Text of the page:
Today the dominance of the first ethic I described allows scientists to be coopted into the service of war machines. Career opportunities mean much to young scientists whose prospects outside the weapons labs are not bright. Mature scientists with a flair for organization are seduced by the opportunities to become leaders of large scientific enterprises. The creative ones are seduced by challenging problems. All this busy-ness, and the glamour of the trappings of being with the powerful insulate the scientist from thinking about the end result of all this feverish activity. Thus, the Orwellian language of the defence community is not challenged by the scientists who benefit from being a part of it or by those compelled to work for it.
The alleged insoluble problem of “getting the genie back into the bottle” is a pseudo-problem. One need not “disinvent” the guillotine to refrain from chopping people’s heads off. The oft-repeated question “What if, after nuclear disarmament, nuclear armament starts again?” should not block action toward disarmament. When a physician is saving the victim of an accident from bleeding to death, he need not answer the question, “What if the victim has another accident?”
In the April issue of PHYSICS AND SOCIETY is an article, “Cost of Getting the Scientists Away from Weapons Research”, wherein author Vladislav Bevc suggests, “If we are interested in getting the scientists away from weapons research and development we must find a place for them where they can work in their fields and make a decent living at par or better than what the military can offer.” It’s an intriguing challenge for an organization like Science for Peace.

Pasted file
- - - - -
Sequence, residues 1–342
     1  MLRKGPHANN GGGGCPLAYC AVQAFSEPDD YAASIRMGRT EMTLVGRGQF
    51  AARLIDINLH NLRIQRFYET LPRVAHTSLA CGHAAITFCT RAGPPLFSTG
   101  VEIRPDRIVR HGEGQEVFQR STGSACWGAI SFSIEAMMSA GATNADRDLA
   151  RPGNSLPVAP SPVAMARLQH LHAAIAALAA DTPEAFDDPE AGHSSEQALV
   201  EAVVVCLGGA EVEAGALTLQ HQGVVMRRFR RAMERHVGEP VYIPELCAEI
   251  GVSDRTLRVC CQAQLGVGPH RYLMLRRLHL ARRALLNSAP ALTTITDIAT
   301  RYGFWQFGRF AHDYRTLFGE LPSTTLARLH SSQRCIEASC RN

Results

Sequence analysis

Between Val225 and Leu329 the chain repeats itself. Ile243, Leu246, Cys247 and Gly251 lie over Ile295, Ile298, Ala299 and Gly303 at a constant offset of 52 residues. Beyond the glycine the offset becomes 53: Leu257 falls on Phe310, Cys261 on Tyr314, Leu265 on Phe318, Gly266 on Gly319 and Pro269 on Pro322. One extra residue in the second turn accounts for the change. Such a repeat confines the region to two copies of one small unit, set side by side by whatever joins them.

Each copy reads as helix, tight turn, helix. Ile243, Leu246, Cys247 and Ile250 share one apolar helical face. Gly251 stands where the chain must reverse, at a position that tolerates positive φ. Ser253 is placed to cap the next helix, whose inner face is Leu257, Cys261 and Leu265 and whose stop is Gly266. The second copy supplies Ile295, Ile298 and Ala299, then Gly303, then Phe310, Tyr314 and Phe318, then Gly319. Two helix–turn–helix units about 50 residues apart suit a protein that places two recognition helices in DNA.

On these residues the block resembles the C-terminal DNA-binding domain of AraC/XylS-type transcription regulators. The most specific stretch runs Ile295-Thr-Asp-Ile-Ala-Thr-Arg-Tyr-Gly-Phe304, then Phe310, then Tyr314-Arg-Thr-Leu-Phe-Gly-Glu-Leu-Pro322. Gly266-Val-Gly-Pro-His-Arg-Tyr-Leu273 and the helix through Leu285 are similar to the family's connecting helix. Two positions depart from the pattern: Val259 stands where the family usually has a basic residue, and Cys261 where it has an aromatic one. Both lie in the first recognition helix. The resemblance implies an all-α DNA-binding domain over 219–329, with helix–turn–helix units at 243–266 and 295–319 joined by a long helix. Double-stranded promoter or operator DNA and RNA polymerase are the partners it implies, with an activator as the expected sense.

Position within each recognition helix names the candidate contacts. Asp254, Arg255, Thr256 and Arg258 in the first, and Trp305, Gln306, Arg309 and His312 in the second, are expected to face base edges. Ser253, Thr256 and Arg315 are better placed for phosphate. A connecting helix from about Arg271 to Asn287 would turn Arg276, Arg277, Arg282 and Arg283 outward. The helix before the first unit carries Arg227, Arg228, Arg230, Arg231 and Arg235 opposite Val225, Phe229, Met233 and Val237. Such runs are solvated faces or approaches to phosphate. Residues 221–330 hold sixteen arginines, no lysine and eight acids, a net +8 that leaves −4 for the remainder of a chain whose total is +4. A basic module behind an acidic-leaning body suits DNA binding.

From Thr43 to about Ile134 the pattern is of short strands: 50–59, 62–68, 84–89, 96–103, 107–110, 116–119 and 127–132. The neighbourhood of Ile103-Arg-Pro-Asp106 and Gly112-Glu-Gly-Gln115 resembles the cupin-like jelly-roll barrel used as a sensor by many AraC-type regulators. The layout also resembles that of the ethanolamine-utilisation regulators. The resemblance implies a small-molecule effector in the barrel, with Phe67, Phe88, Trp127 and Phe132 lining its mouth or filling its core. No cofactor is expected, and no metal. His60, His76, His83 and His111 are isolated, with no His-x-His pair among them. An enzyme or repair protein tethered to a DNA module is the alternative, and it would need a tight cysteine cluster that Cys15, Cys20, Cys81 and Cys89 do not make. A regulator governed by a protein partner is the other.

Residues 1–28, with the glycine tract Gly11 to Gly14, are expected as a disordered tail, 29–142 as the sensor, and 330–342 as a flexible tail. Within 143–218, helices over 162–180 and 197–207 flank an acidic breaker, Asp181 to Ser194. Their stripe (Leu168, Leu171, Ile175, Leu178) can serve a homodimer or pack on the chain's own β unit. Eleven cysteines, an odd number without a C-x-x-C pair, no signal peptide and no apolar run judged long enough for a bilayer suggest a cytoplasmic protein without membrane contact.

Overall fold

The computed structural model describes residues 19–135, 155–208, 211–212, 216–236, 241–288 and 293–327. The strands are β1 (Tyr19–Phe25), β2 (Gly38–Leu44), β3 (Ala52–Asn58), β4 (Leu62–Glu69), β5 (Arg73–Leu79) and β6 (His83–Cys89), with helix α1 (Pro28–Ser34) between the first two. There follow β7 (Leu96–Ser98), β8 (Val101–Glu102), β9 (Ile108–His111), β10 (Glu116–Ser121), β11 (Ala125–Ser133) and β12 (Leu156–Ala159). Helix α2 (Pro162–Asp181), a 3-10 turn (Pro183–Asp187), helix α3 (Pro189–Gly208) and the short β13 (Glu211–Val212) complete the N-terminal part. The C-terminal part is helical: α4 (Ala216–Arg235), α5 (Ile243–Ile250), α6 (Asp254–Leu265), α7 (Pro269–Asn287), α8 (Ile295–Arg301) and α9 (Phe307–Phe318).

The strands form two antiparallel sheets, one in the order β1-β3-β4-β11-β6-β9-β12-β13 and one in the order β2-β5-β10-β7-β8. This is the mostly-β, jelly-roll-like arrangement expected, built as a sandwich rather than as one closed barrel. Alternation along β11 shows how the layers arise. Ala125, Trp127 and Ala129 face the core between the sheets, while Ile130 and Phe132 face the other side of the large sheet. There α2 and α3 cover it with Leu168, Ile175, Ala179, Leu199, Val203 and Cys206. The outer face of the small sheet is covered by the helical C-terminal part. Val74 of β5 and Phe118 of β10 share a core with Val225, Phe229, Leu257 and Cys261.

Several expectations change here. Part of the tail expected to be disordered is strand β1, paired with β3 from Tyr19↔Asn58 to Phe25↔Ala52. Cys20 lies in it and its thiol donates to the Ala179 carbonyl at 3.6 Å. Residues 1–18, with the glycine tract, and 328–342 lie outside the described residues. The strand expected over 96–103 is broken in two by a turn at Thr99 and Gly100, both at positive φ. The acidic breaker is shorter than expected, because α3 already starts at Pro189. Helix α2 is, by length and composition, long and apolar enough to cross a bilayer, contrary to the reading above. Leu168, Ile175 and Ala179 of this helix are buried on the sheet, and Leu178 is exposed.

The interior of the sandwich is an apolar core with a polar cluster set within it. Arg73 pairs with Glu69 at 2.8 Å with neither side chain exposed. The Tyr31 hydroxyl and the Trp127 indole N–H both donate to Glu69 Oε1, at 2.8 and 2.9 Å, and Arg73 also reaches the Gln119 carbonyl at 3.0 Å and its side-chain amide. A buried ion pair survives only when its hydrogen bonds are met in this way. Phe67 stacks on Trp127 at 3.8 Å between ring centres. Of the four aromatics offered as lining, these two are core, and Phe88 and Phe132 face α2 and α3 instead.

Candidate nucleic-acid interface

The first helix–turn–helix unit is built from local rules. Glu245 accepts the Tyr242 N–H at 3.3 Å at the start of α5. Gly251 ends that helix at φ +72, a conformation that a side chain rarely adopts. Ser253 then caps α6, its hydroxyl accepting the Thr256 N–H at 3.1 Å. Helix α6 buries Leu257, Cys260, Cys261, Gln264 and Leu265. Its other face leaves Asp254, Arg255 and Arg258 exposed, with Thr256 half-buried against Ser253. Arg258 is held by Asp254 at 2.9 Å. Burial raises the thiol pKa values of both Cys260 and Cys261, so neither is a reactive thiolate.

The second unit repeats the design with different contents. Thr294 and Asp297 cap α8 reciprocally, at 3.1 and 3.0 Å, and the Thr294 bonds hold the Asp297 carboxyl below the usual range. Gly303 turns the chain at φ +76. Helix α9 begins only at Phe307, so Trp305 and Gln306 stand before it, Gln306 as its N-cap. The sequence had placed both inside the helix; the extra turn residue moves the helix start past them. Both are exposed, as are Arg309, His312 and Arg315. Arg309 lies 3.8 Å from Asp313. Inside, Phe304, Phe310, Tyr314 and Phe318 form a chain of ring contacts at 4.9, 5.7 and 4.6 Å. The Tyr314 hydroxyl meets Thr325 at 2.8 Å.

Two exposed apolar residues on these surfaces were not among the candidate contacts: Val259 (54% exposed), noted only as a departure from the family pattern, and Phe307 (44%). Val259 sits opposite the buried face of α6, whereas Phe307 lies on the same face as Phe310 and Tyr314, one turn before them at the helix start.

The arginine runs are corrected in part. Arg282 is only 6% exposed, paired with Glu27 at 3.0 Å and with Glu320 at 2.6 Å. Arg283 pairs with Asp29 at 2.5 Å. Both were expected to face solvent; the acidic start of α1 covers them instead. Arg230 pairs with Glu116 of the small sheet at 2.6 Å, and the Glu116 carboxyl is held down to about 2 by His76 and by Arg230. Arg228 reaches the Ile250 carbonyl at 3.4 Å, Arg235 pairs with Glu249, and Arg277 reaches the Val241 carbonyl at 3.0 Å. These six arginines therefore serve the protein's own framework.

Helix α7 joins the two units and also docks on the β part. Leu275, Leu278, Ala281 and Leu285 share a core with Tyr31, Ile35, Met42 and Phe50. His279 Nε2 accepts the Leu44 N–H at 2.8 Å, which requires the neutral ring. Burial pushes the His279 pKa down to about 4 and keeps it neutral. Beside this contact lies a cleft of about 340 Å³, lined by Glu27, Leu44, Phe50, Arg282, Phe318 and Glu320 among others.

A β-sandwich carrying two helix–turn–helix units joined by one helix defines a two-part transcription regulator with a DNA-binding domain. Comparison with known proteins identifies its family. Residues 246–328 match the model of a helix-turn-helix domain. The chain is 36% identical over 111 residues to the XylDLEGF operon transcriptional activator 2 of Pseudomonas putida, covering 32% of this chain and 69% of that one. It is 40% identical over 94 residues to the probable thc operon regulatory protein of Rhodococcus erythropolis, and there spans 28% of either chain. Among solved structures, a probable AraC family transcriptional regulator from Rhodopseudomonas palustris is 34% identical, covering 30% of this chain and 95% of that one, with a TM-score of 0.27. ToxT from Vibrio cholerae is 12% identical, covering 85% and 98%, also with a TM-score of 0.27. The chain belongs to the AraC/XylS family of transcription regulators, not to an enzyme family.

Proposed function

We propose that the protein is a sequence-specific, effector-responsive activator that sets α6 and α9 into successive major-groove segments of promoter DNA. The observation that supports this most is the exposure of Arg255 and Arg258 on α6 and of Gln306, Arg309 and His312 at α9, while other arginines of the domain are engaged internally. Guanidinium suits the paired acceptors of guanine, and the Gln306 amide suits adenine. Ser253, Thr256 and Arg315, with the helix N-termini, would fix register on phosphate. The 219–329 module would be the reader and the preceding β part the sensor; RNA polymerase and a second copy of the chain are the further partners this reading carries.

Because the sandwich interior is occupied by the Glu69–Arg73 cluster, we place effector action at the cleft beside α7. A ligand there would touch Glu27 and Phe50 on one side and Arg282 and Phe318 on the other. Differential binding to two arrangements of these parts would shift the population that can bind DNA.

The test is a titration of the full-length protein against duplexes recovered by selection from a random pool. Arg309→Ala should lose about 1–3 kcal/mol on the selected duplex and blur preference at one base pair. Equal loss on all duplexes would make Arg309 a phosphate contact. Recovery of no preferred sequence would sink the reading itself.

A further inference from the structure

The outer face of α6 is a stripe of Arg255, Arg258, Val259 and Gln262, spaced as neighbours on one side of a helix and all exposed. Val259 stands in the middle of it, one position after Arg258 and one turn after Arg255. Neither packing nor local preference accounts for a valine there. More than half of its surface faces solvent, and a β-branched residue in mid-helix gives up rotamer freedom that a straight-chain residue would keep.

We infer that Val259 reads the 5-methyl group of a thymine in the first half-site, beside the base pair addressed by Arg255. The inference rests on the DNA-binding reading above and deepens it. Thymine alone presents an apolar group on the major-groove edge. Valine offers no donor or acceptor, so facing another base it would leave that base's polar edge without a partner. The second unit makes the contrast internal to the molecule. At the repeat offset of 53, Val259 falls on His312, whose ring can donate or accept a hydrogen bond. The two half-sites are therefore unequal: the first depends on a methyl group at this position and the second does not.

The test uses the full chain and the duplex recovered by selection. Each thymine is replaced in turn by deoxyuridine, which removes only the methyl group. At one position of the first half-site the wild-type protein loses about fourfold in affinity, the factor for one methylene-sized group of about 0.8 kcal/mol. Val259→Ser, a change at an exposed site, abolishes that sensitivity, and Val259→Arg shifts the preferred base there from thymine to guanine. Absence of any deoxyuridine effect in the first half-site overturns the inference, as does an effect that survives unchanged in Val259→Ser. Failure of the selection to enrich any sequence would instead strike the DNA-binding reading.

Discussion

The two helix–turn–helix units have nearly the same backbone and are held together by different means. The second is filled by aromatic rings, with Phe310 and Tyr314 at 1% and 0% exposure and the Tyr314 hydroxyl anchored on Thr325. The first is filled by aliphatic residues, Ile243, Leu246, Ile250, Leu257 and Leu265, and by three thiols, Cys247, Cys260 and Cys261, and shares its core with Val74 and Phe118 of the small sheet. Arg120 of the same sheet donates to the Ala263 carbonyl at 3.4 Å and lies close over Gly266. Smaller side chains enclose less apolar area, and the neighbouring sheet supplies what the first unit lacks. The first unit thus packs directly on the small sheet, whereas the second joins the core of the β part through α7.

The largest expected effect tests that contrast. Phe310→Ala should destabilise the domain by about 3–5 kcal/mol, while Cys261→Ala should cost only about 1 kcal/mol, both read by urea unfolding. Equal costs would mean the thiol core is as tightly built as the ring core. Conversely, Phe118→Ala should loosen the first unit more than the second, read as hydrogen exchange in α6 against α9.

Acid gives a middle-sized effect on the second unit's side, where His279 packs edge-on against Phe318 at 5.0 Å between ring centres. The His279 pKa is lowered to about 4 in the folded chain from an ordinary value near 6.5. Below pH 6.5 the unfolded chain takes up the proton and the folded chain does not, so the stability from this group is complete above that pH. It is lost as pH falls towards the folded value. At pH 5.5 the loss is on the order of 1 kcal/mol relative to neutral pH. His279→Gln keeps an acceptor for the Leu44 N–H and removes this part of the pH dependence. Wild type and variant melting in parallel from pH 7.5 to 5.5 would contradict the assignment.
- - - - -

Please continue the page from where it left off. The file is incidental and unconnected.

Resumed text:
(The President’s Corner this month is abstracted from the president’s report to be presented in full at the annual general meeting.)
May 10, 1986, 2pm
Trinity College, University of Toronto
The Ottawa Chapter has successfully completed its trial run of giving a peace award at the Ottawa Regional Science Fair. Joined by INPUT, Educating for Peace and an anonymous donor, we gave awards of $100 each in two age categories. Winners were A. Johnson (Junior Physical Science), “Les agents preservatifs de nourriture chimique, physique et naturel”, and M. O’Brecht (Intermediate Engineering),“Windmills, Sail Wing and the Edmo Rotor”.